(I guess that huge tree-tower over by the Arastradero underpass to I-280 is a "rural" tower but even that is supposed to be less than 500W ERP ~== 50W, still not that hot.)

Here is a link to an FCC info page: Web Link

That page talks about human exposure to RF, not noise. (Of course.)


Richard
Downtown North
on May 15, 2020 at 4:40 pm
Richard, Downtown North
on May 15, 2020 at 4:40 pm
36 people like this

We don't have to choose between good cell service and ugly, noisy, massive "small cell node" cell towers right next to our homes.

Telecom companies can easily locate most of their equipment underground, or, at the very least, top-mount very compact radios. It just costs them more. As for maintaining a 100 foot setback from cell towers to people's homes, it's easily accomplished. Again, it just means Verizon et al. need to spend a little more money siting and designing their equipment.

Is there some reason Palo Altans should sacrifice the quality of life in their neighborhoods for the benefit of telecom company shareholders?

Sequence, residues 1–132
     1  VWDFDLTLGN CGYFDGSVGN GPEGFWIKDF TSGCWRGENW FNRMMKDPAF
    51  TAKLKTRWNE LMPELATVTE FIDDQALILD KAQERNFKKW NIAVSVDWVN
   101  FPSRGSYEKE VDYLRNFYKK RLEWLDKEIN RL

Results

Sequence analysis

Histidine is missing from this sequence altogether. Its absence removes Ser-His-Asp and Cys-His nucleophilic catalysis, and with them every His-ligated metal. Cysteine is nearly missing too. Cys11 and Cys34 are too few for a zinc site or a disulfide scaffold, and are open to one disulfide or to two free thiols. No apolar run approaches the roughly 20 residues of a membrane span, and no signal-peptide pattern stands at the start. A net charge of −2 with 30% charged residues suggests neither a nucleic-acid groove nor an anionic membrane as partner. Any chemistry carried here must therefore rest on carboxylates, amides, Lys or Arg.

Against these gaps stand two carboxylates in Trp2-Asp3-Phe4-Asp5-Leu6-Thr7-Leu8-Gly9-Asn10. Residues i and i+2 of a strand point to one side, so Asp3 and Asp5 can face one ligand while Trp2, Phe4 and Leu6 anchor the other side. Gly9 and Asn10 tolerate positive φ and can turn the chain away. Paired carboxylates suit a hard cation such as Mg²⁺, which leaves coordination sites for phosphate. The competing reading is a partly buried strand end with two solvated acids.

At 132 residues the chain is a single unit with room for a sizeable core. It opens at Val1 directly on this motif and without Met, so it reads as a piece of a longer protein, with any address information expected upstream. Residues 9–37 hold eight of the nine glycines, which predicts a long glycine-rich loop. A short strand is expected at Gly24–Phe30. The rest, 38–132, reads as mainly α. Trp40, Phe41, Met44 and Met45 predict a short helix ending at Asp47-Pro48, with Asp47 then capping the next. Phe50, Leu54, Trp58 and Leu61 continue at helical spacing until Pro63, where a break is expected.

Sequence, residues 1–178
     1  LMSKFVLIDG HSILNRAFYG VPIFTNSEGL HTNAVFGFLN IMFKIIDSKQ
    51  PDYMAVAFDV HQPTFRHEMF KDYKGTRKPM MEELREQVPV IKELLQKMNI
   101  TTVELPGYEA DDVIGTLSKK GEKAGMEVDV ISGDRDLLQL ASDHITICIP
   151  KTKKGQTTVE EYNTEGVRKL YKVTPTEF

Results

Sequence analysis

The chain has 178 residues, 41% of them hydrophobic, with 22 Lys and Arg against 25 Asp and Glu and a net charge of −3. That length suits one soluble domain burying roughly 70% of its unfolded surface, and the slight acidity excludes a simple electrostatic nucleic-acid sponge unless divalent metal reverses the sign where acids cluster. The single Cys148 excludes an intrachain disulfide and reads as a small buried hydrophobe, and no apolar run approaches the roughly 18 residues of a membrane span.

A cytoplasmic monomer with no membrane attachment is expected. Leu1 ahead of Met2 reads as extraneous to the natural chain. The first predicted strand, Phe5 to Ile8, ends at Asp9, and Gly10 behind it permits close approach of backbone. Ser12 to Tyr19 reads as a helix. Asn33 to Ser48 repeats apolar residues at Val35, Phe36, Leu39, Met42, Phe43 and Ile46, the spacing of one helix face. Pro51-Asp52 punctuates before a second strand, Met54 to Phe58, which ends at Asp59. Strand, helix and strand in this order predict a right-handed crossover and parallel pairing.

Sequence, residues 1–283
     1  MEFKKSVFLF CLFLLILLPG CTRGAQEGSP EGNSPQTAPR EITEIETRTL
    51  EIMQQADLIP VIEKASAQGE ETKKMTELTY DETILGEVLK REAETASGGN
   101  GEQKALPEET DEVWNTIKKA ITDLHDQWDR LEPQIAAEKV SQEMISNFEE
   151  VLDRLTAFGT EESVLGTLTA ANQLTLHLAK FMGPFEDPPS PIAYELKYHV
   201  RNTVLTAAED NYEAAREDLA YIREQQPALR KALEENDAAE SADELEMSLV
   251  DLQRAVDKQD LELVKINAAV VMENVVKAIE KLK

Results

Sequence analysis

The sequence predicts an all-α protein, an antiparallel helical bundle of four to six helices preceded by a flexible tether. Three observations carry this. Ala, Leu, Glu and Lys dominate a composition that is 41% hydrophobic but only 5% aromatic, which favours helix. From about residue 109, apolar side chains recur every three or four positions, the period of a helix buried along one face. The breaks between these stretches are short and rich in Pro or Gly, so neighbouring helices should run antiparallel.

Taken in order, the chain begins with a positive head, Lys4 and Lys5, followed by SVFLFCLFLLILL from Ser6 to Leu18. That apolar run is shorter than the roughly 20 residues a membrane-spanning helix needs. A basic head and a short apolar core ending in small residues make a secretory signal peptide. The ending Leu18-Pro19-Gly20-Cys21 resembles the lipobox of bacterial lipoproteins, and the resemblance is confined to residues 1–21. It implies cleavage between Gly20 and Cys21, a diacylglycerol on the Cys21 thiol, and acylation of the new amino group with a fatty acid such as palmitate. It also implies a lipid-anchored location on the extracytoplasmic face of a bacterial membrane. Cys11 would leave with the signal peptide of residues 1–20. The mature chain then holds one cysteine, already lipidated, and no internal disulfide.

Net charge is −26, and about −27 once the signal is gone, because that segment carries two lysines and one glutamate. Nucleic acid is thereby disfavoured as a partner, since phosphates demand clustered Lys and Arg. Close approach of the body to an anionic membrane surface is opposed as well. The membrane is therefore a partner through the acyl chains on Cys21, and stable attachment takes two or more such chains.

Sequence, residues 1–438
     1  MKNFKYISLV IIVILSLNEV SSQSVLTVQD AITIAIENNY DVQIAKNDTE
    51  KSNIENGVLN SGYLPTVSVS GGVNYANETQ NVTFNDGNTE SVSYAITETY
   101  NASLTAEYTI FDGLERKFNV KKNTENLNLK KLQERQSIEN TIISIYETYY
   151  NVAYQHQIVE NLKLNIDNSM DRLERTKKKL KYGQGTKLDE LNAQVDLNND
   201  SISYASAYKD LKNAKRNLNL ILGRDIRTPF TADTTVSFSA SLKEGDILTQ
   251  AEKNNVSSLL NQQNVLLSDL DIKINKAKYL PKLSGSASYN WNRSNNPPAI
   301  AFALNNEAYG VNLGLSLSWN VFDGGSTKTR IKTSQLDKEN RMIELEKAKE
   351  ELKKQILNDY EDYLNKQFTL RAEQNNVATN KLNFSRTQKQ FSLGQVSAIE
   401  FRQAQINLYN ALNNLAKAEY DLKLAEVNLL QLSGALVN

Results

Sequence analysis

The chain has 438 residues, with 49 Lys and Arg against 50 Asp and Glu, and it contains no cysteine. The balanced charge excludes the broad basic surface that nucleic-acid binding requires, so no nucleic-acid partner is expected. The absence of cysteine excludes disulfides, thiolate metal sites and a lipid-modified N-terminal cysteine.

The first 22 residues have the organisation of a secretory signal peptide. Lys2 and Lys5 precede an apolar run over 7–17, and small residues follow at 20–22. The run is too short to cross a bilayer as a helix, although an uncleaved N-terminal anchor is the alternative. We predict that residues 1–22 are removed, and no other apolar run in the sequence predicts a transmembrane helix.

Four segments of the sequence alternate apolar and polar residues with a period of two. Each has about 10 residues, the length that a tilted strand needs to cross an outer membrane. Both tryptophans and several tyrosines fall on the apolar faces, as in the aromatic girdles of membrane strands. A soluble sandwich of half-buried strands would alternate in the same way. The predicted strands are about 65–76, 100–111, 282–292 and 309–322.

Ryan C.
College Terrace
on May 15, 2020 at 5:04 pm
Ryan C., College Terrace
on May 15, 2020 at 5:04 pm
41 people like this

I think Richard has nailed it. Telecom companies like to pretend that the conflict over the siting and design of cell towers is between "Luddites" (their favorite insult) and hip millennials who "get" why 5G is so cool. It isn't. The conflict is between municipalities protecting the quality of life in their neighborhoods and telecom companies that want to install their equipment as cheaply and quickly as possible.




Marc
Midtown
on May 15, 2020 at 5:40 pm
Marc, Midtown
on May 15, 2020 at 5:40 pm
18 people like this

There is a simple solution, let the celll phone companies buy homes scattered around Palo Alto and put the equipment on that property.

/marc


Midtown Dad
Midtown
on May 15, 2020 at 7:13 pm
Midtown Dad, Midtown
on May 15, 2020 at 7:13 pm
32 people like this

No one can guarantee that 5G is safe so I shouldn’t be forced to be part of some experiment when a I never gave my consent. We must push for a minimum 200 foot setback from residences and 1600 feet setback from schools like our neighboring city of Los Altos.


KCPA
Old Palo Alto
on May 15, 2020 at 7:48 pm
KCPA, Old Palo Alto
on May 15, 2020 at 7:48 pm
28 people like this

There is a middle ground here and it doesn't have to be only 20 feet from someone's bedroom. Twenty feet is only 3-4 feet longer than the average car. How can that be an acceptable distance for a cell tower from a home? Palo Alto isn't allowing towers within 500-1000 feet from a school, so why would they allow it to be only 20 feet from a child's home where s/he spends majority of their time? It's ridiculous.